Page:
I know the books are still warm from the press but even so I'd change a couple of things in those recommendations
1) You ought to be able to get 0.01 pH accuracy* for a surprisingly low price today. If you can do so.
2) ATC is still on the list not so much because you need ATC as because its presence tells you that the meter is digital (absence of manual calibration potentiometers tells you the same thing.
3) Two point calibration is a must have
4) In order to have 0.01 or 0.02 accuracy the meter will have to have 0.01 resolution so that is a must. This is a property of the meter - not the electrode.
5) I'm replacing the double junction requirement with the broader 'junction design suited for brewing'. Double junctions used to be important in brewing because of the formation of silver/protein complexes in single junction designs. This problem seems to have been solved. I discovered the other day that none of the electrodes I use with success in brewing are actually double junction designs and yet they perform in the brewing environment.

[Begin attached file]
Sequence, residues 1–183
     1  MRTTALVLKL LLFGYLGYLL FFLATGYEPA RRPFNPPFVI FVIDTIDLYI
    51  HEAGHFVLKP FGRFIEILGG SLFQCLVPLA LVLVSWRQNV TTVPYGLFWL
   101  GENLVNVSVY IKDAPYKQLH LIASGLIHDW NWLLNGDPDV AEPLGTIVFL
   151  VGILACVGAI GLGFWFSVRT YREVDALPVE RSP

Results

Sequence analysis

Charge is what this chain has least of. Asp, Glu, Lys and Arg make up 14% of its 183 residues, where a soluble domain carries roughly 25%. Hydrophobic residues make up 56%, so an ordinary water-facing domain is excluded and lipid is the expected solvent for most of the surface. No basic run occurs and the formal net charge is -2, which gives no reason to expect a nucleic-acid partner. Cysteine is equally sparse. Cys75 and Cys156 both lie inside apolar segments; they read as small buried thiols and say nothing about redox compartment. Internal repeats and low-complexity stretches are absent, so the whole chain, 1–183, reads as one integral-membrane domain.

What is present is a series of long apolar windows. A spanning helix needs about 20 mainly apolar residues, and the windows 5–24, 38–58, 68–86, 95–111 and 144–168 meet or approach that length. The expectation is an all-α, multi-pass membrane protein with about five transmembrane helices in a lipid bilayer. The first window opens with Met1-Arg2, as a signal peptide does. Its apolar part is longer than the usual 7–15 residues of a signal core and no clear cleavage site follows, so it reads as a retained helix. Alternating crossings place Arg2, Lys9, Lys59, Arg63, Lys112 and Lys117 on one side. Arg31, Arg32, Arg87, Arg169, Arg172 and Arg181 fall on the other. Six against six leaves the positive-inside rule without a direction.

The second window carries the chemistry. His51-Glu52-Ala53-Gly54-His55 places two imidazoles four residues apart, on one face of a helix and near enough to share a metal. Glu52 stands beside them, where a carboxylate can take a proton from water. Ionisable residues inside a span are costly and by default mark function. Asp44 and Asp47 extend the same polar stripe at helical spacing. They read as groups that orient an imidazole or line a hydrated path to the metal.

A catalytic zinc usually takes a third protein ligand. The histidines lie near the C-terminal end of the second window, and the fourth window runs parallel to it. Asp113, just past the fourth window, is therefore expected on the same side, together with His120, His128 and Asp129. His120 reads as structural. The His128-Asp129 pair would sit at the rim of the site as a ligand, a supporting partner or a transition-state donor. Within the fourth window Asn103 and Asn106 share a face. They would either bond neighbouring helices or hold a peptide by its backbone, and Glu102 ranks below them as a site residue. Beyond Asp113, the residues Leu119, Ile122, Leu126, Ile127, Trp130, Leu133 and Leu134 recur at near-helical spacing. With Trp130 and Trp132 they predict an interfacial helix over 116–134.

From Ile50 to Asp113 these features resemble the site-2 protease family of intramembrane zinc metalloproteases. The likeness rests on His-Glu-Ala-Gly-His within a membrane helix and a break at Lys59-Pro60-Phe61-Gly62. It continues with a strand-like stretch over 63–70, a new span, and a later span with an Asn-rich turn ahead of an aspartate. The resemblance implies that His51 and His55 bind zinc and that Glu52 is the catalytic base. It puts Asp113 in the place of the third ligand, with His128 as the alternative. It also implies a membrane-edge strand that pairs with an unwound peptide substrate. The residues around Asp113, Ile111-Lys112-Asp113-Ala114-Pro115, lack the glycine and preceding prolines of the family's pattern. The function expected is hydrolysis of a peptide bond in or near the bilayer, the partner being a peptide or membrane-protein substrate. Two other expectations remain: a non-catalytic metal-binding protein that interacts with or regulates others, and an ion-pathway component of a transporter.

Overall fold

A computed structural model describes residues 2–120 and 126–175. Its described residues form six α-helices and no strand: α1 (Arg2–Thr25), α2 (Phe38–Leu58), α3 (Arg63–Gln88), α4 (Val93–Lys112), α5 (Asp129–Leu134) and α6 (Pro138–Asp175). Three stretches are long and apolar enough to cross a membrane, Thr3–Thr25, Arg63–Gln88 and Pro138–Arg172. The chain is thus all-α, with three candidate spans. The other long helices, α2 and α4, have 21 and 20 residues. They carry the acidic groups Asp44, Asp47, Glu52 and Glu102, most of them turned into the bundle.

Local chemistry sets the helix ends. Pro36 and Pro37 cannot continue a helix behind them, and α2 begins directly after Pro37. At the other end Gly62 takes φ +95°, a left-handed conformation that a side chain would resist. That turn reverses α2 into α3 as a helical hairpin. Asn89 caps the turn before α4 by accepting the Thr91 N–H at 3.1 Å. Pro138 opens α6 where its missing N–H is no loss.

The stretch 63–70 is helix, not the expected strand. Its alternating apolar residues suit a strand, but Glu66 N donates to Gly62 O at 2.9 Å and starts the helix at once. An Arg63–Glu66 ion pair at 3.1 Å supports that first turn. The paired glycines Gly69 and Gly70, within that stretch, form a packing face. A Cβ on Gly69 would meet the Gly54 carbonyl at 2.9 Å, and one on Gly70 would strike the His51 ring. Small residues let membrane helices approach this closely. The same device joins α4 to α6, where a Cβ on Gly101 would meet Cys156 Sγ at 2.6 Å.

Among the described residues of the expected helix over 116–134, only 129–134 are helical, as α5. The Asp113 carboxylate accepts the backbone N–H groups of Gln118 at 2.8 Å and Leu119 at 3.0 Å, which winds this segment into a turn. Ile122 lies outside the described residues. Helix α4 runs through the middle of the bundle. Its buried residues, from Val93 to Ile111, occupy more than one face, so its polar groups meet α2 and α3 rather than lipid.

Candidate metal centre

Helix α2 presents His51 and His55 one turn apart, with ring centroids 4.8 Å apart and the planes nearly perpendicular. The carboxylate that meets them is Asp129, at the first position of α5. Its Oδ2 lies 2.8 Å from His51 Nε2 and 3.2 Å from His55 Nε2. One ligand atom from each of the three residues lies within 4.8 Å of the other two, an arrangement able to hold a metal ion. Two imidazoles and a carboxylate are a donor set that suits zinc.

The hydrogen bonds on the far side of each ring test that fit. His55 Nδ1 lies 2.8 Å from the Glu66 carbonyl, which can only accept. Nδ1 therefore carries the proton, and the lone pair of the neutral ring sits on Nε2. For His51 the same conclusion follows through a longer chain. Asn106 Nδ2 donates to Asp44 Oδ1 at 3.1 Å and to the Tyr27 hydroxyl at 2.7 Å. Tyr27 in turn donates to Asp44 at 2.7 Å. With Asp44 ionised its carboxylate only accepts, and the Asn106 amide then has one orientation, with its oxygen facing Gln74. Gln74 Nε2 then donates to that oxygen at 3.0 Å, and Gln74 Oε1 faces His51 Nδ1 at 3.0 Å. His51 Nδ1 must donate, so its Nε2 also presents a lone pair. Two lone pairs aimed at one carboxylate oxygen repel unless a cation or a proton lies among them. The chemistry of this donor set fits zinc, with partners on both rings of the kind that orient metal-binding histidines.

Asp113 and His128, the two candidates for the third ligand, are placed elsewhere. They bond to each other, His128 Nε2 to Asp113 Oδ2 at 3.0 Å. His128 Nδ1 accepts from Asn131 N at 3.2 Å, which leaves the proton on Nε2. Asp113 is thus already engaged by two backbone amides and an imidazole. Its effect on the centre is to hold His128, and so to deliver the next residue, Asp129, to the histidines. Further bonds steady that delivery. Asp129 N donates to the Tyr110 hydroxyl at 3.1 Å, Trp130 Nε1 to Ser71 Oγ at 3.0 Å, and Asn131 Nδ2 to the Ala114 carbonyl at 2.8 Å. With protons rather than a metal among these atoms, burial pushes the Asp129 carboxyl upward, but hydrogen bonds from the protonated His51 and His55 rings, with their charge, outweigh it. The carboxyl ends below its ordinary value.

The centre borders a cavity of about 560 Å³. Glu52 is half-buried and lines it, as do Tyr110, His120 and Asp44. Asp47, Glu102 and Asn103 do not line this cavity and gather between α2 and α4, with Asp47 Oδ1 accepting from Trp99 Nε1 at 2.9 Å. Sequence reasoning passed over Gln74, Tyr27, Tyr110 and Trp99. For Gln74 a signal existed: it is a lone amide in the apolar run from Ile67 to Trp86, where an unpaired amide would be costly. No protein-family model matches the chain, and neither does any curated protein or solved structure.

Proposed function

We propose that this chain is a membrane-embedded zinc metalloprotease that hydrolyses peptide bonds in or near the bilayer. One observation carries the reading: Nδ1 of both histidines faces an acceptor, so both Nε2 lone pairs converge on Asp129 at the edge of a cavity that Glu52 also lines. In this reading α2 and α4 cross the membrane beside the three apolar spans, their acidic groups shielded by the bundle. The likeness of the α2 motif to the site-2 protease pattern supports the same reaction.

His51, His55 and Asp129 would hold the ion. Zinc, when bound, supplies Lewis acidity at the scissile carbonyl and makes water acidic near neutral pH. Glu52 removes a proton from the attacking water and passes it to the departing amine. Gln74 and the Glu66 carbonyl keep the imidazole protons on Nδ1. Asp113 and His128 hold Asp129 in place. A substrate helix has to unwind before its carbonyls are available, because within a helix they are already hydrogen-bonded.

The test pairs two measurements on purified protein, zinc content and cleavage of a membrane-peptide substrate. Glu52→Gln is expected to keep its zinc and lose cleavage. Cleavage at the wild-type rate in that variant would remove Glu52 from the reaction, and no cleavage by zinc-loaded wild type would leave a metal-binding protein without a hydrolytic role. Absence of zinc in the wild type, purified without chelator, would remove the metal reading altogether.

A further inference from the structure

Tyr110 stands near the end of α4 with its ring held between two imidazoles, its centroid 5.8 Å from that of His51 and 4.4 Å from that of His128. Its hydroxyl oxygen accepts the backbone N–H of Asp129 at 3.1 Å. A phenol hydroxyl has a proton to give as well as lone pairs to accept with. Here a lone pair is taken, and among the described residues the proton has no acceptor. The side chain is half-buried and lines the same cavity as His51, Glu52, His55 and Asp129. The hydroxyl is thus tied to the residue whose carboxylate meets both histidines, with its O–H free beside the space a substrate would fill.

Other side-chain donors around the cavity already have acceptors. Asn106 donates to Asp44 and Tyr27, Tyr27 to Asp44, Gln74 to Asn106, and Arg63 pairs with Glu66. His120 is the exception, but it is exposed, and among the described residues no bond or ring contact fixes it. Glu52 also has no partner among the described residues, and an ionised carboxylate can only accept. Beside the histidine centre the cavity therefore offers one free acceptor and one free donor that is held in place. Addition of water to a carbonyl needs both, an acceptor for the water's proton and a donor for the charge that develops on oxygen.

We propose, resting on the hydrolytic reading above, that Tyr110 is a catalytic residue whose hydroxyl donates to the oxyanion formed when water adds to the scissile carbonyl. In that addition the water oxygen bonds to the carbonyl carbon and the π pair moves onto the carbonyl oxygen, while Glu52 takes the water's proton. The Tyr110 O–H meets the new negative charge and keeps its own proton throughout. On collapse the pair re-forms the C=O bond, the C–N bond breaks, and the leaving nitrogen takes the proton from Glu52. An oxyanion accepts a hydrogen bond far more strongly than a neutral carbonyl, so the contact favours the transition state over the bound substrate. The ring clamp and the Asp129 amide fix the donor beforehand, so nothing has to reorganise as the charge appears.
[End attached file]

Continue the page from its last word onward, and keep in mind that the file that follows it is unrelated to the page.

6) Renewable junctions are a plus but they add a lot to the cost of an electrode and don't seem to be as necessary as they used to be. IOW I think there have been some breakthroughs in electrode design and I think they have been in the junctions.
Now I'll add a couple more requirements
7) Stable electrode. This means that readings don't wander all over cock Robin's barn within a few minutes of calibration. This is a major problem with some inexpensive meters.
8) Related to 7) is the ability to tell the meter when to accept a calibration reading. (I've been experimenting with a Hanna pHep that is actually quite stable but it decides when to accept the calibration reading and does so too soon so that the meter is not properly calibrated.
8)Isoelectric pH within 1/2 pH unit of pH 7. This is a 'nice to have' as you can correct readings from meters that have isoelectric pH that doesn't meet this spec. This effectively opens up the range over which ATC works properly.
9) Long electrode life. A good electrode will last for 3 or more years.
Hach has a new low cost meter out. It appears to meet all these requirements (except 7 and, as its new, no hint as to how it might do RE 9). Some performance data is at http://www.homebrewtalk.com/f128/fir...er-apa-443205/
*This means the error contributed by meter and electrode is at the 0.01 pH level demonstrable by calibrating and then reading the calibration buffers over time and temperature. RMSE should not exceed 0.01 pH over a small but finite temperature band. This does not mean absolute accuracy as the buffers themselves introduce error of, typically, a bit less that 0.02 pH.